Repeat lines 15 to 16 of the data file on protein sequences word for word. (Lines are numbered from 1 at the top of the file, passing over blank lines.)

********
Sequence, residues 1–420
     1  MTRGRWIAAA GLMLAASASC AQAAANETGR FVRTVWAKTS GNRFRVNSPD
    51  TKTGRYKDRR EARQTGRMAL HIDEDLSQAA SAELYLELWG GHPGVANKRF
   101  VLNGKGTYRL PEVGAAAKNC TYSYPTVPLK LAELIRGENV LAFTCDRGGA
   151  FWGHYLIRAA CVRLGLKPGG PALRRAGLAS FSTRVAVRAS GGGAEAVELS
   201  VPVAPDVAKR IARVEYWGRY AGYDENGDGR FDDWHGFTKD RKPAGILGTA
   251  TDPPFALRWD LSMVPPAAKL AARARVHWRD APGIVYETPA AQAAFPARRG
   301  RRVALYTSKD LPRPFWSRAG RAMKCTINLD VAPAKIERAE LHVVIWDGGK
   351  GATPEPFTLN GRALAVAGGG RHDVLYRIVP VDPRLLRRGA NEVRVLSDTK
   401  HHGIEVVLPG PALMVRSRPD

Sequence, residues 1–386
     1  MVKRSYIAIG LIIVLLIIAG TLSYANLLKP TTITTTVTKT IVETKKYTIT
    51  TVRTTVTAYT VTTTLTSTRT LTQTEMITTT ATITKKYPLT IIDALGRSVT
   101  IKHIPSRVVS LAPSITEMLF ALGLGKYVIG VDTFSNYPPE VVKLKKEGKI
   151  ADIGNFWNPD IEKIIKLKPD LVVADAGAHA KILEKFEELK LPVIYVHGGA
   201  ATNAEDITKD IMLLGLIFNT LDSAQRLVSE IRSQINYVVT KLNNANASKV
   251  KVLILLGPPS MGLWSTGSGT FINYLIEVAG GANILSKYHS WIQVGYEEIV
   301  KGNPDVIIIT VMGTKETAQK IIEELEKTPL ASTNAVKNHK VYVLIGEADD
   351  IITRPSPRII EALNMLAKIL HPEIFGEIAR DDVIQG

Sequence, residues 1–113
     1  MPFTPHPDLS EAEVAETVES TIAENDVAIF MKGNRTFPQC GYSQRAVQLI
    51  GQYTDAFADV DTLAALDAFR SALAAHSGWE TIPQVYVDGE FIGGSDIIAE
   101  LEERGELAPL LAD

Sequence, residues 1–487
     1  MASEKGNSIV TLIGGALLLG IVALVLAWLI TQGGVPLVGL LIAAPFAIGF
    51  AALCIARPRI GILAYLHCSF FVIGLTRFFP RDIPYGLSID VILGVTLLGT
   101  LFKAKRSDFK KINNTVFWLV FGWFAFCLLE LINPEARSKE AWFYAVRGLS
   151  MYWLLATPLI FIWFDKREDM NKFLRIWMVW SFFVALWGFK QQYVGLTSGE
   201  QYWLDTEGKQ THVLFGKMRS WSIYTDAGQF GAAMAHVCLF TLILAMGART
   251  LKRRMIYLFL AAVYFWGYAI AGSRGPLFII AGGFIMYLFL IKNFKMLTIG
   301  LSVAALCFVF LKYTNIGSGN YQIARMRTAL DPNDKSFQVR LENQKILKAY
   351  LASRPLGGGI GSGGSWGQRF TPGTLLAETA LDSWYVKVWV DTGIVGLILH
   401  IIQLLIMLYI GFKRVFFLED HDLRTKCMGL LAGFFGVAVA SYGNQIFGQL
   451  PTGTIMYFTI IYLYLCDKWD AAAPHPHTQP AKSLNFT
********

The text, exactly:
   151  ADIGNFWNPD IEKIIKLKPD LVVADAGAHA KILEKFEELK LPVIYVHGGA
   201  ATNAEDITKD IMLLGLIFNT LDSAQRLVSE IRSQINYVVT KLNNANASKV